New England Multimedia

By the way, to clarify, Scott never tried to change the meaning of the word "flat." ;)

jennwhinnem
jennwhinnem

 @lauraclick Thanks Laura! I didn't know you had been in the NP space. We should chat at #soslam. See you there!

jennwhinnem
jennwhinnem

 @GiaVolterraDeSaulnier  @giazzpet  @New England Multimedia   Hi Gia, thanks for sharing what you're working on. I swear it was Jay Baer who posted on how to measure the ROI of something like this - we did x which resulted in y dollars. I have not been able to find it. It could definitely help you though!

jennwhinnem
jennwhinnem

 @adamtoporek Hey Adam, glad to get to talk to you again! I've been out of the loop on Twitter for awhile.

 

So it's interesting that you bring up "challenges an NPO faces trying to justify SM when there is no tangible dollar result." We have a certain reputation to maintain, that is of being a leader. For a foundation our size, we are leaders in this space (and others). Not that we do social media for its own sake; far from it. We exist to improve the health of CT residents through changing systems, not direct service...okay coming off my soapbox now.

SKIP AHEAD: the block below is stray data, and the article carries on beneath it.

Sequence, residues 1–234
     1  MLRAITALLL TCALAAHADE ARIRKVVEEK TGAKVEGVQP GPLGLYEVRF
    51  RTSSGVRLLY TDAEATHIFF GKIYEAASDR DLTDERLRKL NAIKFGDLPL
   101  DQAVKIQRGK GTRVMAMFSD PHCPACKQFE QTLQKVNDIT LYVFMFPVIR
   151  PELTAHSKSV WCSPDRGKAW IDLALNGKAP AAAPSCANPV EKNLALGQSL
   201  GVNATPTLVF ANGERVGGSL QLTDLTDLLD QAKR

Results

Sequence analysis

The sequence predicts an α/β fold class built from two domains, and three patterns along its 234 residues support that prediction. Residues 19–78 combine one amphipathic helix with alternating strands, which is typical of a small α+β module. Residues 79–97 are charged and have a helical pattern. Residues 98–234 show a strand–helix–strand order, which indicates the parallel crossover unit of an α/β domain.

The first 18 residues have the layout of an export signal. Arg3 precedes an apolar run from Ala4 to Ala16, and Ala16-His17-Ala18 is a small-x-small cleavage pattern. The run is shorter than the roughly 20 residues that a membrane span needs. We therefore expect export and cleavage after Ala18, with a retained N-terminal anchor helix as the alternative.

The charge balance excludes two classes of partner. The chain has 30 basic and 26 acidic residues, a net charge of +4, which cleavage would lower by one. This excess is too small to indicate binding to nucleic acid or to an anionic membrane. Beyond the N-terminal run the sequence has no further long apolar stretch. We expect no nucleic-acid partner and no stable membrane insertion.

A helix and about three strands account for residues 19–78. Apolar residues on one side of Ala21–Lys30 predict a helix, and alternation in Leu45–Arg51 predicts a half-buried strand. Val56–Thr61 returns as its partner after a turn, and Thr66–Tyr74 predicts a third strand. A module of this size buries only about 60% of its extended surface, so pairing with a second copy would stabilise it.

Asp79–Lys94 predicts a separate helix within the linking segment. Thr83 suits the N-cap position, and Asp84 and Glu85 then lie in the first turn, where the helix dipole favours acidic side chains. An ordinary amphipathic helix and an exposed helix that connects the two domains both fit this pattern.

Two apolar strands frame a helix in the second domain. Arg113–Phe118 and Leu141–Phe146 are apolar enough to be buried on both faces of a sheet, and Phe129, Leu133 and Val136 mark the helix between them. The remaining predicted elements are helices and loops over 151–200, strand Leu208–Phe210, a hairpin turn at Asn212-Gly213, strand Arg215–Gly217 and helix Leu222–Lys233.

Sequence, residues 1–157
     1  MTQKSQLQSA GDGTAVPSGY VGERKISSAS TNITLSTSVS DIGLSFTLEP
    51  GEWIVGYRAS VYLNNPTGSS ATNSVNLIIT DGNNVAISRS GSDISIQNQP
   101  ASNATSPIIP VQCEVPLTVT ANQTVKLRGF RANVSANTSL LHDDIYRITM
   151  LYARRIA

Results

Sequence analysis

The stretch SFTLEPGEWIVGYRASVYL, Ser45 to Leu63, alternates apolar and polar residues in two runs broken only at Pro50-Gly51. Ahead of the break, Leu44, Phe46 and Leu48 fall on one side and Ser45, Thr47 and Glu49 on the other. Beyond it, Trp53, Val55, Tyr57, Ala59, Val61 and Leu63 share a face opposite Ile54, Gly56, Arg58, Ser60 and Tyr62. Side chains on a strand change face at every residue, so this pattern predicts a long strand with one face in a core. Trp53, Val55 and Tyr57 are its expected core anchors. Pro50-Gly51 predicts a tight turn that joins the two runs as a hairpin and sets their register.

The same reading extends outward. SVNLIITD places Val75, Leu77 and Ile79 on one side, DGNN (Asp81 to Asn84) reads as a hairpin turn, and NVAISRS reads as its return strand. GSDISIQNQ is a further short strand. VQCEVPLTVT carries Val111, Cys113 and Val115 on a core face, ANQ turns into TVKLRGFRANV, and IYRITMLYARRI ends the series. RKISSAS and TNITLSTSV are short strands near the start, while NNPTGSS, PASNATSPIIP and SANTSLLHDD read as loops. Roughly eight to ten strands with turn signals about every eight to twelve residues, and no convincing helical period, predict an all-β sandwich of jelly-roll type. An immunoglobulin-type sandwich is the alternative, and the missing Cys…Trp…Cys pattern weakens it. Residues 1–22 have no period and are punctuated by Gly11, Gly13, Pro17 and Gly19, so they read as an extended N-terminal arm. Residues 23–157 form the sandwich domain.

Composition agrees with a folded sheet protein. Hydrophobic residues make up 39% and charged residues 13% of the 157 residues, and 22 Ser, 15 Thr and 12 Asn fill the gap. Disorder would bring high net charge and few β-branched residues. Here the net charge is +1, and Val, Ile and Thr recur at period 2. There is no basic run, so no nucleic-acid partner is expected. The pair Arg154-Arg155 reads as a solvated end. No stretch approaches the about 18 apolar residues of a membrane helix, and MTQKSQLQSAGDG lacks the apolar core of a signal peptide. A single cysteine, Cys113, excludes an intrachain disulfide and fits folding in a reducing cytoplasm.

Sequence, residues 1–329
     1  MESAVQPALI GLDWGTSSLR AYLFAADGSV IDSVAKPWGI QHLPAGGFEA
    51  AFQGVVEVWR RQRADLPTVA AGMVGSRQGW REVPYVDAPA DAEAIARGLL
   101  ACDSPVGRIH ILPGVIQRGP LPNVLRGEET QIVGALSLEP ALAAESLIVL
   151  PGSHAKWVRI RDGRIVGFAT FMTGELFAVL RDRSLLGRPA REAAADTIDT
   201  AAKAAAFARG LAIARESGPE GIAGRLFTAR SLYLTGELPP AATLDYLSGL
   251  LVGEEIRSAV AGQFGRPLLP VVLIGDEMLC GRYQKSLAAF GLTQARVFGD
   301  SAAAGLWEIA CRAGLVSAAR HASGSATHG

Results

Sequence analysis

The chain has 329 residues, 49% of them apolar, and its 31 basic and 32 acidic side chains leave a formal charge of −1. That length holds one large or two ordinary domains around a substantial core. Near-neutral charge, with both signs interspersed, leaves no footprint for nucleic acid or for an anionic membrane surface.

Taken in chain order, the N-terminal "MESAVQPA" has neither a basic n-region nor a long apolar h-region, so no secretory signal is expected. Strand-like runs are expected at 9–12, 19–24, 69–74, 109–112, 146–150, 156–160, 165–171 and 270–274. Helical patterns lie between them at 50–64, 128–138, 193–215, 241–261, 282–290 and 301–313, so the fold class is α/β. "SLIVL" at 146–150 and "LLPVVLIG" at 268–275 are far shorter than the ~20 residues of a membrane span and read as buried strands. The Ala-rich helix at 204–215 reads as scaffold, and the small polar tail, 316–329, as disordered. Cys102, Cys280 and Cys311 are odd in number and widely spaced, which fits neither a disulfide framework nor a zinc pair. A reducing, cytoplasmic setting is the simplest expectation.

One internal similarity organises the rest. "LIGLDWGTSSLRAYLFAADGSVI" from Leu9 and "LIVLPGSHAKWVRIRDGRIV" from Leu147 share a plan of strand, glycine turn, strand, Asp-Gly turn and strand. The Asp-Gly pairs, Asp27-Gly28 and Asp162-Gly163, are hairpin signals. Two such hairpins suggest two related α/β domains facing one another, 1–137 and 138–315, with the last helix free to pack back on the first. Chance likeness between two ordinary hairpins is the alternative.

jennwhinnem
jennwhinnem

 @MissVersatile Thanks for your thoughts her MV. I think anytime you're spending money, you need to know what you got for that money. For my organization, they've invested in me, and then I show them what they get for that investment: stronger relationships with our grantees, greater awareness of us, our issues, and the work of our grantees.

 

New England Multimedia
New England Multimedia

 @Lisa Gerber  @jennwhinnem I'm glad to see the debate, because like @EricaAllison said, the term ROI has apparently been hijacked! In my circles, it's not purely a business term, and it's definitely not measured purely in terms of dollars and cents. I was surprised to hear that there was a disagreement, to be honest!